When it comes to starting pitching, everybody wants a porterhouse from Gibson's Steakhouse.
Unfortunately for White Sox fans, we are stuck with a lesser cut of meat.
While we can only salivate over the likes of Justin Verlander and Clayton Kershaw, the South Siders are left to dine on beef brisket in the form of John Danks and Gavin Floyd.
Beef brisket can be extremely tasty and tender. But, beef brisket can also be extremely fatty and rough.
Similar to my mother's brisket, Danks and Floyd has been hit-or-miss over the years.
Yes, they are both above-average major league starters. There's no questioning this notion.
What we can question is this: Which of the two holds more value to the organization?
Turn the page to find out.
(I really hope my mother isn't reading this...)
In terms of pure "stuff," which of the two has the upper hand?
I'd give it to Floyd solely based off of his breaking ball.
When Gavin's on, his Uncle Charlie is as good as anybody in the league. The combination of speed differential and downward tilt make this pitch the former first-round pick's bread and butter.
At times, Floyd has made intimidating hitters like Miguel Cabrera and others look like rookies flailing at his pitches in the dirt. At others, he's transformed Matt Treanor into Mickey Mantle.
Danks, on the other hand, really doesn't possess a great off-speed repertoire. At this point in his career, he hasn't really figured out how to keep his changeup down and has really paid for it in the form of home runs as currency.
Both pitchers don't really pack the heat, possessing fastballs that hit the glove between 91-93 MPH. Certainly not terrible, but definitely not top of the line.
But with fastballs, it's more about location than velocity. Any big-league hitter can turn around a 95 MPH straight-heater. Unfortunately for Sox fans, both pitchers have little movement on their respective fastballs.
Danks has tried to work on a Mark Buehrle-esque cutter with little success to this point. Hopefully, Danks stole Mark's cutter before the goofball left Chicago for Miami.
It sounds like two ordinary pitchers to me. Why am I writing this article?
Both Danks and Floyd have proved one thing for certain over their careers: they are consistently inconsistent.
But again, which of these two guys would you bank on to at least keep the team in the game?
Again, I'll take Floyd.
Danks really let Sox fans down last season with his mediocre stat line (8-12, 4.33 ERA, 1.34 WHIP.)
Yeah, the guy started 0-8 and he put together a decent second half. Regardless, his career regressed at a point where it should have progressed. If the Sox are going to have any success, a good start for the southpaw is essential.
Floyd, meanwhile, never really turned into that top-of-the-line starter that the Phillies envisioned when they drafted the right-hander fourth overall in 2001 ahead of Mark Teixeira.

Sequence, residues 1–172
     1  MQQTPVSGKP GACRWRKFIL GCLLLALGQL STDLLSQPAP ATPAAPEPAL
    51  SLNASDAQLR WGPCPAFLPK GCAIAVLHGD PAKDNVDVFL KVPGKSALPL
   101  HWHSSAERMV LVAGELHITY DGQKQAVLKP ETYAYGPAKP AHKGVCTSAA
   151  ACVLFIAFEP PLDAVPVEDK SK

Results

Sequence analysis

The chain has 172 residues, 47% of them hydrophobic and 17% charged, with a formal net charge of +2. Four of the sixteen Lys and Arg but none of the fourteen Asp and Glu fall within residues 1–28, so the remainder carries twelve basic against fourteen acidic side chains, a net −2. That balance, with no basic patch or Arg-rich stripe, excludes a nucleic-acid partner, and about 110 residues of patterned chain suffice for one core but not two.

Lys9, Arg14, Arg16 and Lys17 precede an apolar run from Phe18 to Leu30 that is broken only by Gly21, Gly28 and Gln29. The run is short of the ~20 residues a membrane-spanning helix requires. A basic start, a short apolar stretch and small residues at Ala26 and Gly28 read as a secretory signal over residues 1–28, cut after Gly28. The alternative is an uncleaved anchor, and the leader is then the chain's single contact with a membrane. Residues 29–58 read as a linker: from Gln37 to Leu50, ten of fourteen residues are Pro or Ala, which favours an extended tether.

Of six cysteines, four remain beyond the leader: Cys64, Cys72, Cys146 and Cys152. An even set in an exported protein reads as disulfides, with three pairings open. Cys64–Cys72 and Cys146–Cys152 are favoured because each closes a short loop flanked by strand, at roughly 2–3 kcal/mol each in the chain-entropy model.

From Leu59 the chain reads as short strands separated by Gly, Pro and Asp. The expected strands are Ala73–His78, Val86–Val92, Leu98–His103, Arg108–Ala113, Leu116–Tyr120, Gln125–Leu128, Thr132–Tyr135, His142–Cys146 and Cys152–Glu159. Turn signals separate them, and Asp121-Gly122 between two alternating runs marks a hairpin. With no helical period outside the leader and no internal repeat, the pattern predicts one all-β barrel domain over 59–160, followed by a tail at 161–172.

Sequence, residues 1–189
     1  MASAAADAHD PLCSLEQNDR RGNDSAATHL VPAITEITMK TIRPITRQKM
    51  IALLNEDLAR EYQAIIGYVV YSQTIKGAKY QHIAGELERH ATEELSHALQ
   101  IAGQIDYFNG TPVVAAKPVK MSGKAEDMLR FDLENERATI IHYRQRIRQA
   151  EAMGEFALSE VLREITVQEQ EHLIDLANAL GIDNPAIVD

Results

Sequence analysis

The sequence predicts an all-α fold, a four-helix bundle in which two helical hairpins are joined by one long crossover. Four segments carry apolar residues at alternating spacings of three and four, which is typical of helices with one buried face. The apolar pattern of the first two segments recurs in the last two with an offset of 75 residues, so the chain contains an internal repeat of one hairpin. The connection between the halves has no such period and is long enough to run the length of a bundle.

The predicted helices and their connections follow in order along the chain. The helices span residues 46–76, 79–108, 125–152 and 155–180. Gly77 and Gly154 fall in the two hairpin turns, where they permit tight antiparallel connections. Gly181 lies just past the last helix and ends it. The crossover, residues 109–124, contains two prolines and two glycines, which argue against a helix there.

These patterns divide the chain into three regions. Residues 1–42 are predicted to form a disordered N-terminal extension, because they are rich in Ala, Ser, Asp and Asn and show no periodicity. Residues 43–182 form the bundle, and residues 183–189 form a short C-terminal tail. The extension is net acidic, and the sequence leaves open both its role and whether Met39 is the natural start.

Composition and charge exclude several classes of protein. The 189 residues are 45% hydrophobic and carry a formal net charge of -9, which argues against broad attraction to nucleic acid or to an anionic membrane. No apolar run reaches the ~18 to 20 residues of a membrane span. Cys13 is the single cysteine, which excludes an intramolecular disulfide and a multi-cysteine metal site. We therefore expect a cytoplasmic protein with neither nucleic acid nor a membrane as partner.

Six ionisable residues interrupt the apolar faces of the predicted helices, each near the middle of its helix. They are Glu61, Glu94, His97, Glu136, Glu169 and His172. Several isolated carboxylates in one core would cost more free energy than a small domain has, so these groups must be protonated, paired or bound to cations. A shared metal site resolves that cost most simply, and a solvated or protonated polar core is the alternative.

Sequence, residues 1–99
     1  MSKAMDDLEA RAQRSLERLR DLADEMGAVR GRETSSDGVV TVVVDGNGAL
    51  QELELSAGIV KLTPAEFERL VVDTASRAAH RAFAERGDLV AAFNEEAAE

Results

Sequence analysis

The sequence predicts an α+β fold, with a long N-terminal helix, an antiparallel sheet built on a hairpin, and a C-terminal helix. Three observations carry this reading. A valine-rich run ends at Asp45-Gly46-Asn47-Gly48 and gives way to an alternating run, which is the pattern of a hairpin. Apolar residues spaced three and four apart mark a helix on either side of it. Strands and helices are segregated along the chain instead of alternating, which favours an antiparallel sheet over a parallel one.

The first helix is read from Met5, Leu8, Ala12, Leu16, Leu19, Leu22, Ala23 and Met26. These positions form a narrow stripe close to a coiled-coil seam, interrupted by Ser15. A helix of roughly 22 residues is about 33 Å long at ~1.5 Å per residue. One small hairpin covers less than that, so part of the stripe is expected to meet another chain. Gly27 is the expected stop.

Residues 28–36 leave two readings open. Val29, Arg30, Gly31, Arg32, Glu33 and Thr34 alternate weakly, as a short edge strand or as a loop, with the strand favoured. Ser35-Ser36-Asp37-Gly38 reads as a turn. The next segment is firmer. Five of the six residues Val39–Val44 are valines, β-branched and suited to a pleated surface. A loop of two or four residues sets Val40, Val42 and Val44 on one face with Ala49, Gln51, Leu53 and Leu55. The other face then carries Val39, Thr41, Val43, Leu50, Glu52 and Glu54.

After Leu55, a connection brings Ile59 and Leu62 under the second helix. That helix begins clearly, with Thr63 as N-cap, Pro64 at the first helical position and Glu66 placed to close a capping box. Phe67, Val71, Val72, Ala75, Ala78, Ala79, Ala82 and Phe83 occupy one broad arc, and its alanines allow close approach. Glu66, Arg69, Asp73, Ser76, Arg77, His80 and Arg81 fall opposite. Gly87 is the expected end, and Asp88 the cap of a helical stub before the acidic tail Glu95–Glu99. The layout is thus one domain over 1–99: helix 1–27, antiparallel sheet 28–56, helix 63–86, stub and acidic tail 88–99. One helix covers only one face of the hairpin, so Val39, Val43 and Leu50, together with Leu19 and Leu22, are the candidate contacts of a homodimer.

Nonetheless, he's leaps and bounds above where he was when Kenny Williams swapped him for Freddy Garcia. (I think Gio Gonzalez's name was included in that deal. Not the left-handed budding star, just the name.)
Gavin's a guy who's going to usually give you six or seven innings and give up two or three runs. With both stellar and subpar exceptions, this is Floyd's modus operandi. Unless Cy Young or Jaime Navarro suddenly invade Floyd's body, he'll probably stay the same old Gavin Floyd we've come to know and love.
I'll combine these two facets of a player's value into one slide for your benefit.
To be completely honest, what am I suppose to say about age when Jamie Moyer (49 years old) is on the Colorado Rockies 25-man roster? Was the internet even around when he first broke into the bigs?
At 26 and 29-years-old respectively, both Danks and Floyd are technically in the primes of their careers. The only reason I mention age at all is a result of the payday that Danks received over the offseason.
The left-hander was rewarded with a five-year $65 million contract extension after his worst season in the league. I'm no psychology major, but that seems like positive reinforcement for negative behavior. Doesn't it?
At $13 million a year, Danks' game needs to step up and expectations are high. For that price, they should be through the roof. Johnny, the training wheels are off. It's time for you to prove that you are worth the dough.
Otherwise, he made easier money than that guy from Maryland who recently won the $640 million Powerball jackpot.
Floyd, a modest investment comparatively, is under contract for the next two seasons: $7 million for 2012 and a $9.5 million team option for 2013. (God, he lives a tough life).
This financial disparity between the two starters makes Floyd the easier of the two to deal. Perhaps that's the message the organization was trying to send when Danks essentially won the lottery.
If I'm not mistaken, Floyd won all three categories that I deemed crucial towards determining value. So why didn't Kenny Williams pay Floyd this offseason instead of Danks?
One-word answer: potential.
Ever since KW swapped Danks for Brandon McCarthy, White Sox fans have grown an attachment towards the Texas native. For years, it has been assumed that John Danks would eventually take over the title of "ace," which Mark Buehrle held for over a decade.
In 2012, that time has finally come. Buehrle's partying in Florida with Ozzie and the Sox are headed in a new direction. Unless I'm missing something, Danks will be at the front of the line.
So while Danks might not possess the dazzle or the consistency, the upside that he boasts is what distinguishes him from Floyd.
Danks will be here for the long haul and Floyd could be shipped out a moment's notice.
That's the reality facing the 2012 White Sox, baseball fans.
[Insert cheesy 2012 team motto]. "Appreciate the game" isn't going to cut it.